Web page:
Originally posted by Diki:
One can only hope and pray that the new SA2 voices have the same attention to detail and playability as the old T2 voices. Because, for whatever reason, Yamaha's use of the SA voices on the MotifXS series has NOT been as resounding a success as the T2 implementation, and many MotifXS users are screaming for the same SA programming as the T2, which apparently does a LOT more for the player in the background, rather than leaving it up to switches and foot SWs to trigger the SA elements...

You are exactly right Diki. I briefly owned an XS7 and the Expanded Articulation System (which is actually suppose to be an advancement of the original SA voices on the Tyros2) did not produce the same quality of sound that you get with the SAV voices on the Tyros2. Therefore I can understand why others who bought a Motif XS would have similar feelings about the XS implementation of SAV's as being inferior to the SAV's on the Tyros2. I noticed it right away on my XS and it was one of the reasons I chose not to keep it.

If the SAV"2"nd generation on the Tyros3 even remotely resembles the Expanded Articulation System on the Motif XS it would be a step backward in my opinion.

Hopefully though, Yamaha has listened to the complaints about the poor implementation of the Expanded Articulation System on the Motif XS and the SAV"2" of the Tyros3 will not only be different but better in every regard, including what's currently on the Tyros2. We shall see in roughly eight months or so what sonic improvements (if any) the SAV2's will bring to the table. If they are substantial then Yamaha will probably sell a boat load of them to keyboardists who feel 61 keys is sufficient for their needs. And as we already know there are many who feel that way, although there are many who never did feel 61 keys was sufficient and there are some who no longer do, including me. But Yamaha is still sticking to their guns even though the facts are staring them in the face. >> I know someone will retort and say that the fact is: "61 key keyboards are the most popular sellers". Yes, but the other relevant fact is there is a considerable market for keyboards other than the ones with only 61 keys. Yamaha realizes that fact too and has made provision for it in the lower and middle end range of their arranger keyboard line with multiple 76 key models. And they also do the same with the top of the line workstation segment with a 76 key Motif XS, which of course also includes an 88 key model. Why Yamaha totally disregards the 76 key totl arranger segment is very mystifying to me and from what I've observed, to a multitude of others as well. Steve Deming and of course Ian have relayed to corporate headquarters the desire that many of us have for a 76 key totl arranger so we can't fault them or any of the staff at Yamaha U.S. No, the lack of response is from Yamaha Japan who ultimately have the final say regarding any and every product design decision. And so far it apparently still hasn't gotten through to them that there is indeed a viable market for a Yamaha 76 key totl arranger. And I'm not sure what it will take to "open their eyes". It may be as simple for them as starting to think outside of the box. But getting them to do that could be like pulling teeth. In other words, it might not be easy and it could be next to impossible. Thank goodness there is Korg, Roland, and Ketron who continue to have a deep concern for those of us who want a totl arranger with more than 61 keys. I honestly feel sad for Yamaha, because in my opinion they are missing out on a great opportunity; not only for themselves in expanding their bottom line financially, but also in fulfilling the segment of the market who are eagerly desiring a 76 key totl arranger from them.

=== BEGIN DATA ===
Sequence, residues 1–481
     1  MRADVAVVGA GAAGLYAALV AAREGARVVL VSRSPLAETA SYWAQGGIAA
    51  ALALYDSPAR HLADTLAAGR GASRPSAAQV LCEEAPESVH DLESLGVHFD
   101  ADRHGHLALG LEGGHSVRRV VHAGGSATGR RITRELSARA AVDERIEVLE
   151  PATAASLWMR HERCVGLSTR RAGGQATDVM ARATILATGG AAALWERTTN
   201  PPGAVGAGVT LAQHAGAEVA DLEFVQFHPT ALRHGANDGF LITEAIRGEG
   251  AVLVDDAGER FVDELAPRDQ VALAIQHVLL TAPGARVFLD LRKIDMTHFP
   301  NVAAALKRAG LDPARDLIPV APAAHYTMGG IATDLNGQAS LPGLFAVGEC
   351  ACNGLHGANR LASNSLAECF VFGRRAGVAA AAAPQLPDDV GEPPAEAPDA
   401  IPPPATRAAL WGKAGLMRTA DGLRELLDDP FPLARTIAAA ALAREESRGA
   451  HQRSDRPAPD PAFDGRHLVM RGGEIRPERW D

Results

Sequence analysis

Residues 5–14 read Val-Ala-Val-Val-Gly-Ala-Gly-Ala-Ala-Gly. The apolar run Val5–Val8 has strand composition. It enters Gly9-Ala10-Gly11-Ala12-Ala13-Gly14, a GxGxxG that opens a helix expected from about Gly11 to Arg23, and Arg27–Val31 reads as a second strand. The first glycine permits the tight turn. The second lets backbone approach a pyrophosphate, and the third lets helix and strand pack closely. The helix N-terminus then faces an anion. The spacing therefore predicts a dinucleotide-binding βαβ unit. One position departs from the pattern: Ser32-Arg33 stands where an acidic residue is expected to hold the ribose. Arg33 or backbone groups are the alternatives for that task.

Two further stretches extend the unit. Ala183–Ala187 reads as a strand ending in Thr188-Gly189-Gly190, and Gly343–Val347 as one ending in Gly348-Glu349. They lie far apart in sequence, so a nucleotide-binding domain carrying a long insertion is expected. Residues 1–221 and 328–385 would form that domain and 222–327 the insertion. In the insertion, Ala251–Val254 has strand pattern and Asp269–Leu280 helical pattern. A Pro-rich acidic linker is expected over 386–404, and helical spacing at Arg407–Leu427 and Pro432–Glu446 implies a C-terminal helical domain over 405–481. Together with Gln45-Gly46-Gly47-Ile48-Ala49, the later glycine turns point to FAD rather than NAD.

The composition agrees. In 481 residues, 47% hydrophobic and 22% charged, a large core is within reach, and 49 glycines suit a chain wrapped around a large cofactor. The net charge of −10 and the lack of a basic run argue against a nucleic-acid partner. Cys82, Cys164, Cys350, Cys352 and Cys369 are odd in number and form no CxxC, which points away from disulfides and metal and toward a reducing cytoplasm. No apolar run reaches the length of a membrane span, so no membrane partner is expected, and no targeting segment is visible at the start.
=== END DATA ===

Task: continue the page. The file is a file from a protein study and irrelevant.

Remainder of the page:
[This message has been edited by keybplayer (edited 03-19-2008).]
Yamaha Genos, Mackie HR824 MKII Studio Monitors, Mackie 1202 VLZ Pro Mixer (made in USA), Cakewalk Sonar Platinum, Shure SM58 vocal mic.